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alemán árabe búlgaro checo chino coreano croata danés eslovaco esloveno español estonio farsi finlandés francés griego hebreo hindù húngaro indonesio inglés islandés italiano japonés letón lituano malgache neerlandés noruego polaco portugués rumano ruso serbio sueco tailandès turco vietnamita

definición - White_tie

white-tie (adj.)

1.requiring white ties and tailcoats for men"a white-tie occasion"

white tie (n.)

1.formalwear consisting of full evening dress for men

2.bow tie worn as part of a man's formal evening dress

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definición (más)

definición de White_tie (Wikipedia)

sinónimos - White_tie

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diccionario analógico


white-tie (adj.)


White tie


Western dress codes

  Mustafa Kemal Atatürk in a top hat and white tie. Black waistcoats were initially a popular alternative to the standard white pique; near the middle of the 20th century they waned in popularity and white became the most used color of waistcoat to be worn with white tie.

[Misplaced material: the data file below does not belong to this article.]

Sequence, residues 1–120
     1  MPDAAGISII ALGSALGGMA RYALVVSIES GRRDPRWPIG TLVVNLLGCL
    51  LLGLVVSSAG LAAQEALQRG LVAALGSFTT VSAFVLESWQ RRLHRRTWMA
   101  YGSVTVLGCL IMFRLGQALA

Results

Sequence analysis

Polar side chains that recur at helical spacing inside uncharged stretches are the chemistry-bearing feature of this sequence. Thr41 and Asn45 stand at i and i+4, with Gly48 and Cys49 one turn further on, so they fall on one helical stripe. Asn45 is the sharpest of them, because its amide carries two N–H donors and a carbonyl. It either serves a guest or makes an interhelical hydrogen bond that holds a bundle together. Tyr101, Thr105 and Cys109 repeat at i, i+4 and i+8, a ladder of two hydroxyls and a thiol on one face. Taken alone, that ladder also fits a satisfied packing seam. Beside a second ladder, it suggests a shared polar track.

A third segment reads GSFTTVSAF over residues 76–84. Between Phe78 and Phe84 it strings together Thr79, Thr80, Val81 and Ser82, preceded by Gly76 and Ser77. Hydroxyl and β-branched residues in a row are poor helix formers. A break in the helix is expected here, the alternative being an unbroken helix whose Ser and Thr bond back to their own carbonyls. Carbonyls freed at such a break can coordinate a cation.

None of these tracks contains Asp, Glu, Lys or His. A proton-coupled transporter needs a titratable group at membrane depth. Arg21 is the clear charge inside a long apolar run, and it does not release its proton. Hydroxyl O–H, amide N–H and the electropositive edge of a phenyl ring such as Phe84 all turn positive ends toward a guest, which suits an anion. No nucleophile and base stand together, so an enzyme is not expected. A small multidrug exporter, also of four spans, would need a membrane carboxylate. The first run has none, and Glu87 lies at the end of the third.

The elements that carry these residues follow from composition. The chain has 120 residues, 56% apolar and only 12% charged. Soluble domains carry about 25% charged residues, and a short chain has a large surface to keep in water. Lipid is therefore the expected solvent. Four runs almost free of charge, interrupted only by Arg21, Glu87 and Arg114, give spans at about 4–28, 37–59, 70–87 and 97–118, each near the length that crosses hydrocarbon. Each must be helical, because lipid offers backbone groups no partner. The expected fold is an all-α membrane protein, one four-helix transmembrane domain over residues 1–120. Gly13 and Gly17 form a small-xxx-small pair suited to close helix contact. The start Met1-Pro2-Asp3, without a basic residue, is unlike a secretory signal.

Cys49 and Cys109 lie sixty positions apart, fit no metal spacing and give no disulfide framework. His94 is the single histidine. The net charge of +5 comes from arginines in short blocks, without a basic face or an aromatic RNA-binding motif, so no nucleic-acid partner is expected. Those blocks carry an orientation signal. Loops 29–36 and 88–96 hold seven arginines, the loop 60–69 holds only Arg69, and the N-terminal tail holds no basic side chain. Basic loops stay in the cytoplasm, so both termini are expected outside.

White tie (or evening dress, full evening dress; slang top hat and tails or white tie and tails, tailsuit, tails) is the most formal evening dress code in Western fashion. It is worn to ceremonial occasions such as state dinners in some countries, as well as to very formal balls and evening weddings. The chief components for men are the black dress coat commonly known as an evening tailcoat, white bow tie, white waistcoat and starched wing collar shirt, while women wear a suitable dress for the occasion, such as an evening gown.

As evening dress, white tie is traditionally considered correct only after 6 p.m. although some etiquette authorities allow for it anytime after dark even if that means prior to 6 p.m.[1] The equivalent formal attire for daytime events is called morning dress. The less formal evening counterpart of white tie is black tie.



  Men's clothes